Thursday, November 26, 2015

Not Your Usual Vegetables at the Negros Showroom Market

On Tuesdays and Fridays, a farmers' market occupies the parking space at the Negros Showroom on Lacson Street. Early morning joggers, and the meticulous, health-conscious set make a stop here, and office people find this a convenient, welcome addition to an urban commercial strip.

The farmers themselves bring and sell their fruits and vegetables in this space. From farms in San Carlos City and Barangay Patag, Silay, these crops are transported in protective crates, not sacks, as a rule. Another rule is that only potable water should be used in the final wash of the produce. These rules are just part of the major reason why these fruits and vegetables are not the usual. The fruits and vegetables available at the Negros Showroom farmers' market are GAP-certified.

GAP stands for “Good Agricultural Practices,” the certification of which is issued by the Bureau of Agricultural and Fisheries Product Standards (BAFPS).

The Philippine GAP certification, adopted from the ASEAN and the global GAP, is an export requirement. Therefore, the produce at the Negros Showroom farmers' market are export quality.

A hallmark of a farm that is GAP-certified is its traceability. In the Code of Hygienic Practice for Fresh Fruits and Vegetables of the Codex Alimentarius Commission, “traceability is the ability to follow the movement of produce through specified stages of production and distribution.”

Traceability means that one is able to identify the source of a crop, the conditions--whether of soil, water, weather, or farmer--with which it was planted, grown and picked, and even the farm inputs administered on it. Farm lots are properly coded, mapped, and fenced, water is analyzed for cleanliness, and fertilizers and pesticides are kept at the safest levels. All these agricultural activities and information are duly recorded and maintained for two years.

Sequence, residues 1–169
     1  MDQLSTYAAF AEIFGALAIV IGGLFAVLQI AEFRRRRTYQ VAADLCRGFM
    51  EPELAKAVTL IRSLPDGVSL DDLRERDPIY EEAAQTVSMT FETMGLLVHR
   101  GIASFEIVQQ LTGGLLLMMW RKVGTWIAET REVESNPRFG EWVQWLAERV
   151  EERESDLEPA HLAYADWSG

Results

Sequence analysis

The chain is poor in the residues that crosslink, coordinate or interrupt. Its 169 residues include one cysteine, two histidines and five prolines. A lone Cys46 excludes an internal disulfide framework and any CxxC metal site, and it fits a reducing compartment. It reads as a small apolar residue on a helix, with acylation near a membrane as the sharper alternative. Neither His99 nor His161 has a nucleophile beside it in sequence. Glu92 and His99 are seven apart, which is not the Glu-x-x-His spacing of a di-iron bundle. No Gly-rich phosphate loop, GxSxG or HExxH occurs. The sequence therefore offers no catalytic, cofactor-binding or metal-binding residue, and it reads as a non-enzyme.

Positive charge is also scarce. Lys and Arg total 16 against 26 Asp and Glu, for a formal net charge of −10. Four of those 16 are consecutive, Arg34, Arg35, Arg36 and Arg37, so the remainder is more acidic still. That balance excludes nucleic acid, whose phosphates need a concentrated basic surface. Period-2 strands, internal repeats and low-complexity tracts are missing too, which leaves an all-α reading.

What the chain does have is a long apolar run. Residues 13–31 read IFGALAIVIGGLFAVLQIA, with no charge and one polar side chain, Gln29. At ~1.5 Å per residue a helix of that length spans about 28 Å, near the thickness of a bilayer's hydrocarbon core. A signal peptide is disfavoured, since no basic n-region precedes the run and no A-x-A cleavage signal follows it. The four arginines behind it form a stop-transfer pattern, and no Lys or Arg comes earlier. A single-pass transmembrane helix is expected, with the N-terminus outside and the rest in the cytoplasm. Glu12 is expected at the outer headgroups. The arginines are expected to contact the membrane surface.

Good Agricultural Practices strictly uphold food safety, environmental protection, and worker's health, but if issues on these arise, traceability ensures that things can be tracked, addressed and corrected.

From planting, to harvesting, to selling, traceability gives vegetables a history that confidently deals with questions like, how far back into the chain can you claim that a product is “safe”, “fresh”, “clean”, “chemical-free”, and “fair trade”?

Indeed, these fruits and vegetables sold at competitive prices at the Negros Showroom farmers' market are not the usual; not the usual because these are unlike most of the crops in the local market that fall below food safety standards.

In the Philippines, only 39 farms are GAP-certified. Three (3) of these are farmers' organizations are in Negros. The members of these are mostly agrarian reform beneficiaries. They were all trained in GAP, qualified, and are continuously updated and linked to market.

A program called OURFood, or “Optimizing and Upscaling Roles in the Food Supply Chain” of the AFOS Foundation from Germany guides them in GAP. Its local partner is the Association of Negros Producers (ANP) which runs the Negros Showroom.

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Author & Editor - The Philippines' First and Only Web Magazine on Organic Farming.

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